China buys roughly half of the U.S. soybean exports, and roughly one in three rows of soybeans grown on the nation's farms goes to the world's second-largest economy, according to the American Soybean Association. Nearly $20 billion in U.S. agricultural exports went to China last year, with more than half of that amount coming from soybeans.

Baize said he heard about a Chinese businessman in the soybean industry who was expressing frustration with Beijing's decision to target U.S. soybeans, particularly given how critical the commodity is as a feed source for the farm sector. "They are mad as hell with their own government," he said. "They said, 'What the hell are they doing?'"

Still, it’s unlikely Chinese executives are pushing too hard in public.

Trade watchers say Chinese buyers are paying a $35-a-ton premium for Brazilian soybeans to get around the recent duty imposed on U.S. beans, while also planning to buy more product from other global suppliers, including Russia, Ukraine, Paraguay, Uruguay and Canada. China has already tripled the amount of soybean purchases from Russia so far this year.

In recent weeks, the Chinese also have resold about 123,000 tons of U.S. soy to new buyers and in the months leading up to the new tariffs canceled more than $100 million in soybean purchases.

"I know why China chose soybeans, because it hits President Trump's base," said Baize. "But I have a feeling that this was done by politicians who don't necessarily understand animal feed. Now they may be recognizing that they made their point but also may hurt themselves a lot more than they hurt us by picking soybeans."

Besides soybeans, American pork produced in the heartland states also has been affected by Chinese tariffs. One in four hogs raised in the U.S. is sold overseas, and the Chinese are big buyers of the animal. China started collecting an additional 25 percent tariff last Friday on imported U.S. pork, which when added to the previous import taxes means a tax exceeding 70 percent.

President Donald Trump has previously offered to make it up to farmers, and USDA Secretary Sonny Perdue has spoken several times about Trump instructing him to craft a plan to help protect farmers and agricultural businesses. But the administration has provided few details on its "playbook."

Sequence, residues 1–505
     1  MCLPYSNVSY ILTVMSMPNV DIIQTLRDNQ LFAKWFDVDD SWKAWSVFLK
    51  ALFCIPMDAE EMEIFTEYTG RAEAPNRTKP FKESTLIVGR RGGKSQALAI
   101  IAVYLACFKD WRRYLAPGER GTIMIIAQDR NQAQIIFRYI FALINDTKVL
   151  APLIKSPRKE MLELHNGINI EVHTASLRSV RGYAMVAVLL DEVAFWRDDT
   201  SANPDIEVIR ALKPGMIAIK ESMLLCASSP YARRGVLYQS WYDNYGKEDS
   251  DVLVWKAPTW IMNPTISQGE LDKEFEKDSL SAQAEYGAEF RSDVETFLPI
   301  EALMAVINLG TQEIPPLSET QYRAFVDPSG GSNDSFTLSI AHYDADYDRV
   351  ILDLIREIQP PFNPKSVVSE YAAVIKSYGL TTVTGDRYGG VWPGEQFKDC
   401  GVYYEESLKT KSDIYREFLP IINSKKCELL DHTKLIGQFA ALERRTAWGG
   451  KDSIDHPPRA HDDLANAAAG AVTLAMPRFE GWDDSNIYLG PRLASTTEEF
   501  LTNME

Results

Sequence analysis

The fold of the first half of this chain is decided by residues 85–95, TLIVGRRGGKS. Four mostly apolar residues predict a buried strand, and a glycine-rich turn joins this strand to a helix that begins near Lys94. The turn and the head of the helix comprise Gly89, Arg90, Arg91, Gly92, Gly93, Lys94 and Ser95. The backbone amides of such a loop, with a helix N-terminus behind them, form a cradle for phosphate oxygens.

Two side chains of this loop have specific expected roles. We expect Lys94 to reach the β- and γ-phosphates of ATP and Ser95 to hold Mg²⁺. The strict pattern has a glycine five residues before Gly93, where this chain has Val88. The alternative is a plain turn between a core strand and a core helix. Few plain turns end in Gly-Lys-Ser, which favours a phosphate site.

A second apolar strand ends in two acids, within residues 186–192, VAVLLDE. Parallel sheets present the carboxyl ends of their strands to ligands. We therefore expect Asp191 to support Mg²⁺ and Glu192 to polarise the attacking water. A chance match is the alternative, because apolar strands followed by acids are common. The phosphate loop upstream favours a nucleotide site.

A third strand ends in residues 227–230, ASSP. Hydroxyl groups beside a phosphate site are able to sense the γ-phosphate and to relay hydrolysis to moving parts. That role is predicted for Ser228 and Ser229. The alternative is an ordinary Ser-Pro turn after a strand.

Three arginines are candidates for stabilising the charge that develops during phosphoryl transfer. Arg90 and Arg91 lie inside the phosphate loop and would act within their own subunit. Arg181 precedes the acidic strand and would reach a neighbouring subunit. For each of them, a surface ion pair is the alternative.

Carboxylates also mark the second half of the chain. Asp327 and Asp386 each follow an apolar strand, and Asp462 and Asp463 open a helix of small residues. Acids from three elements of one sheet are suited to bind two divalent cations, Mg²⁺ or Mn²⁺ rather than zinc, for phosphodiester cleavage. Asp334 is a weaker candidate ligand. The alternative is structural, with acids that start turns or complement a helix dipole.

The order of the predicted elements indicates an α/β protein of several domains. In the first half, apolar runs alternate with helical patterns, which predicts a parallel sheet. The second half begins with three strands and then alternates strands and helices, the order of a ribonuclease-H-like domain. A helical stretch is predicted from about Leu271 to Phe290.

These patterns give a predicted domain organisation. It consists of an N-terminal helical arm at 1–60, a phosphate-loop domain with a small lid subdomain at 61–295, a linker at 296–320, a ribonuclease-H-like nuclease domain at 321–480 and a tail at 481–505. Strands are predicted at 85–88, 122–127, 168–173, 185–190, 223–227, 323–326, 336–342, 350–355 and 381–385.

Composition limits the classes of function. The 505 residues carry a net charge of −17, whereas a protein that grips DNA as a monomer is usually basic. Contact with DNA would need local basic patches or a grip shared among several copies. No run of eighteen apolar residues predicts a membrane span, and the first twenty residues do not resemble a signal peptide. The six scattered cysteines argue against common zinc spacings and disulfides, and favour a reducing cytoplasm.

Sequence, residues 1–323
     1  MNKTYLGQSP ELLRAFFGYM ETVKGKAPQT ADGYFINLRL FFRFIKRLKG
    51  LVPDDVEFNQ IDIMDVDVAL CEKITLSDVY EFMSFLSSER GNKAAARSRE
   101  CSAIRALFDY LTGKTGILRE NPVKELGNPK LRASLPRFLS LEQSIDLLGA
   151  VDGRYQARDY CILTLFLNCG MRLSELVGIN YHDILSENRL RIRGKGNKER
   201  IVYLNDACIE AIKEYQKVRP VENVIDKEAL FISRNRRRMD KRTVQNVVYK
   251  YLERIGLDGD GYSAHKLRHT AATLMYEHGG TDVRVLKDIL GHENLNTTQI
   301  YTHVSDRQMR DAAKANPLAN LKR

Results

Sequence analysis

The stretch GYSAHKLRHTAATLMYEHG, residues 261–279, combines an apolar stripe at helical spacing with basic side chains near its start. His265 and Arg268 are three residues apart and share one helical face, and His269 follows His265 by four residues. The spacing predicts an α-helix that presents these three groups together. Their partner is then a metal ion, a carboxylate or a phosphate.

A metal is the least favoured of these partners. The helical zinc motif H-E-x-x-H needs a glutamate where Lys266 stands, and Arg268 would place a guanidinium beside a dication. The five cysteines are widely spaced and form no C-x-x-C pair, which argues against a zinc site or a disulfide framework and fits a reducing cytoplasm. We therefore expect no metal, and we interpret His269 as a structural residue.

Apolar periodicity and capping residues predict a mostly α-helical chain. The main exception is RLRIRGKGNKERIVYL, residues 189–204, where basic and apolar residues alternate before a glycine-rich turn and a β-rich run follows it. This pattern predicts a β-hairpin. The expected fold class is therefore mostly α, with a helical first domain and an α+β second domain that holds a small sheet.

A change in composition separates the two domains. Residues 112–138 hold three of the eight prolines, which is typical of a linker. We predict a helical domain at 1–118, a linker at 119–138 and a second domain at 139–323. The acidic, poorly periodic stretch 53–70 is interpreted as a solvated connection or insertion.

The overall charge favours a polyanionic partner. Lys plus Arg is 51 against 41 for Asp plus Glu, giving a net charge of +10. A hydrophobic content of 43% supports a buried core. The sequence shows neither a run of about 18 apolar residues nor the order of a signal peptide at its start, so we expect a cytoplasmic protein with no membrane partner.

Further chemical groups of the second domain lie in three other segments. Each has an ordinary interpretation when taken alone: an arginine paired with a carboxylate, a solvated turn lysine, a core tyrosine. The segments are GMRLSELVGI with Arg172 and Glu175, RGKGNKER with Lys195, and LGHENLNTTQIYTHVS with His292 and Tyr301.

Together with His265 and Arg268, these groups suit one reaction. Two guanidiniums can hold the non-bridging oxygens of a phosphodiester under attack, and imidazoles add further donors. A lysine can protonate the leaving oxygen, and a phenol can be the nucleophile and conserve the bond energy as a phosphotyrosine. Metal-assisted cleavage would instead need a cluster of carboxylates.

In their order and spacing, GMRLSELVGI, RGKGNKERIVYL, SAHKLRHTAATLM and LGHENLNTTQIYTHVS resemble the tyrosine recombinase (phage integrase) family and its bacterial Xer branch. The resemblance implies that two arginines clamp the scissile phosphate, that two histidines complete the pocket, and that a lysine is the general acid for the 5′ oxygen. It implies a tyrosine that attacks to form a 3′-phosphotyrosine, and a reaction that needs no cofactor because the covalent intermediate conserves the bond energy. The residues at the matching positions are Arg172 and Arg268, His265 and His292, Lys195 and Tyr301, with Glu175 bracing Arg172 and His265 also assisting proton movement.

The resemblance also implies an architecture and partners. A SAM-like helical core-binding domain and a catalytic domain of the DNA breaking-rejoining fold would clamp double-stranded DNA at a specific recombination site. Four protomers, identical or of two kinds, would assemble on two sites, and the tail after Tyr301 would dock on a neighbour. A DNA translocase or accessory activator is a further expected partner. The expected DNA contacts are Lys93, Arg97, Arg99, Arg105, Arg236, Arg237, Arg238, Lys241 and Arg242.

“It would be unwise to unveil the playbook while other nations are watching, but if conditions warrant, USDA will quickly begin fulfilling that promise to support producers who become casualties of these disputes," a USDA spokesperson said in a statement Tuesday.

Agriculture executives say they have proposed plans to the administration that include helping some industries that are not currently part of subsidy programs, such as providing more federal spending for marketing support activities to develop new customers overseas. Other ideas have included increasing federal research spending to fight disease-carrying bugs, such as those that devastate citrus plants.

IHS' Behravesh said it's not surprising that the Trump administration would try to be reassuring to the farm sector since it's part of the president's base that got him elected in 2016. But in the end, he said, it's doubtful the White House will offer much in the way of a "lifeline" to agriculture or other industries, including the auto sector.

"From a political perspective, there maybe some symbolic stuff that's done to say, 'Look what we did for the U.S. farmers,'" said Behravesh. "But I don't think it will be enough to offset some of the hurt — whether it's soybean farmers or lobstermen in Maine."

The White House didn't respond to a request for comment.